The remnants of ex-hurricane Bertha have brought some very high rainfall totals and strong winds across parts of the UK - with severe conditions continuing in parts of Scotland today.
Some places saw more rain in 24 hours than they would expect in the entire month of August. Some of the notable totals include:
- Fair Isle in Shetland saw 132.6 mm of rain between 10 am on Saturday and 10 am on Sunday, which is almost double the 70.3 mm full-month average for August. This is now the wettest 'day' of the year so far for the UK, but it should be noted this rain came from a system which preceded Bertha.
- Lossiemouth in Moray saw 100 mm of rain between 10 am on Sunday and 10am on Monday, which compares to a full-month average of 61.9 mm. Normanby Hall in Humberside saw 50.6 mm of rain during the same time, just under its August full-month average of 58.6 mm.
Numerous other spots saw high totals over the weekend and the rain has continued in parts of Scotland through the first part of Monday.
There have been some severe impacts in Scotland, where heavy and persistent rainfall has resulted in a number of surface water flood problems - including property flooding and transport issues across the North East of Scotland.
Marc Becker, SEPA's Duty Hydrology Manager, said: "We are now seeing the larger rivers respond and further flooding impacts are anticipated in Huntly, Elgin and communities along the River Spey including Kingussie, Newtonmore, Aviemore, Aberlour, Rothes, Garmouth and Kingston. There is also the possibility of issues on the Dee, Don (including impacts to camp sites adjacent to these rivers) and Findhorn later today.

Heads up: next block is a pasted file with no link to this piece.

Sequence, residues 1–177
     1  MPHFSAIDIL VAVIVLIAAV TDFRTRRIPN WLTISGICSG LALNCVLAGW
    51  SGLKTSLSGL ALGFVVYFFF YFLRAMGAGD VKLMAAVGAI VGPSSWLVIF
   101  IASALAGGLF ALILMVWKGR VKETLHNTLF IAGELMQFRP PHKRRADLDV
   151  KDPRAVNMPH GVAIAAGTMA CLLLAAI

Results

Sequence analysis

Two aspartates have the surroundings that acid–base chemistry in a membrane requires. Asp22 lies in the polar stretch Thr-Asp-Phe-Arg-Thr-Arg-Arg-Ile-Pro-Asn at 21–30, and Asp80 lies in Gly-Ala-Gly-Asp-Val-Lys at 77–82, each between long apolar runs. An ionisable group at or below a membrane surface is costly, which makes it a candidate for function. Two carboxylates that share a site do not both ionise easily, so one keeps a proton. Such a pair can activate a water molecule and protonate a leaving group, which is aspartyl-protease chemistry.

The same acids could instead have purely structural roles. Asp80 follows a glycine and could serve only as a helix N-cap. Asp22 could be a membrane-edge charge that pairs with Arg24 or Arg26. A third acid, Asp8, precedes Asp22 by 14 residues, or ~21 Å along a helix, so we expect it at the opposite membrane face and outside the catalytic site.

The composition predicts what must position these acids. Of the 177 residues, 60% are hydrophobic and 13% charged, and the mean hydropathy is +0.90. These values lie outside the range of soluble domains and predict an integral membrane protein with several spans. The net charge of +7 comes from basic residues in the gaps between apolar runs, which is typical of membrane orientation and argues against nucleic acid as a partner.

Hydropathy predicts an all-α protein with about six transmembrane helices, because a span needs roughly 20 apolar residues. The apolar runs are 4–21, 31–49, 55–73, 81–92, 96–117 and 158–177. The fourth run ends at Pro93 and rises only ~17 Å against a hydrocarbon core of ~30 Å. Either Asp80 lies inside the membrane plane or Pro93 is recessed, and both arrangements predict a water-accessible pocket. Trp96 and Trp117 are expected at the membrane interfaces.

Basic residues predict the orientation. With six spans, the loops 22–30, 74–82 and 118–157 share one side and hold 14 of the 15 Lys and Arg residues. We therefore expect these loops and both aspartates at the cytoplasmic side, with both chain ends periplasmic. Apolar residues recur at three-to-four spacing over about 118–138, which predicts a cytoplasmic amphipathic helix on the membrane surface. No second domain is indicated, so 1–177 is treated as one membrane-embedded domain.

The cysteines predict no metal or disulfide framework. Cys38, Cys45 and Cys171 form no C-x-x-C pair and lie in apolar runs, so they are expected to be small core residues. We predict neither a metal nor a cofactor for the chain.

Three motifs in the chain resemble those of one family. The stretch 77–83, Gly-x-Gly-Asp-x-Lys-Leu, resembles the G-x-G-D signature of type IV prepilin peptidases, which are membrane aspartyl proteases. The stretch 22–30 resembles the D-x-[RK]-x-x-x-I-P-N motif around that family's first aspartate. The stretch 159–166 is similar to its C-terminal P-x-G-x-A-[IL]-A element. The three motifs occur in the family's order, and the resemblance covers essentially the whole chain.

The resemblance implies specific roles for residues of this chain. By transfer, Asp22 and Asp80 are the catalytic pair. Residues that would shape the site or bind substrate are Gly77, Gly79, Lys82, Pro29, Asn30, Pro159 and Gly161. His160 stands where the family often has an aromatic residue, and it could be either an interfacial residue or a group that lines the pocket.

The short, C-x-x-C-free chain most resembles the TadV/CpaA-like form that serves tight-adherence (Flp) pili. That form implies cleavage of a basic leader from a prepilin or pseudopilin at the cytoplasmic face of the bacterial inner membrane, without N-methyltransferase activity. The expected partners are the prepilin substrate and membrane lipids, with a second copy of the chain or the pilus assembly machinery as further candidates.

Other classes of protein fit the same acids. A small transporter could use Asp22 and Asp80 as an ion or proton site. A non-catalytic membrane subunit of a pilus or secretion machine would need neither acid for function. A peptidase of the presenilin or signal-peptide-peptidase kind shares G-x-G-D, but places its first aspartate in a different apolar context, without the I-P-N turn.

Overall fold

"We're continuing to closely monitor the situation, update Floodline and work with our partners in Police Scotland and local authorities. The latest alerts and warnings are available on our website and you can also sign up on our website to receive them direct to your phone, for free. Do remember that not every area in Scotland is covered by a flood warning scheme, if there is a flood alert out for your area you should prepare for flooding."
In Scotland, The heaviest of the rain should ease and become more showery. The region's larger rivers will continue to rise for some time to come and the full impacts may not be realised until later this afternoon.
SEPA added that they expect the situation in most areas to ease through this evening and overnight.
Wind gusts over the weekend have also caused problems - with numerous events cancelled across the country.
- The strongest gusts so far were recorded at the Needles, Isle of Wight (64 mph at around midday on Sunday) and the Tain Range, Ross and Cromarty (62 mph at around 8 am on Monday).
- At mountain observation sites, gusts are always stronger - Cairngorm Summit, with an elevation of 1,237 metres, saw a top wind speed of 108 mph at about 8 am on Monday.
As the low pressure from ex-Bertha continues to move away from the UK, conditions should become gradually more settled as weather improves through to the end of the week.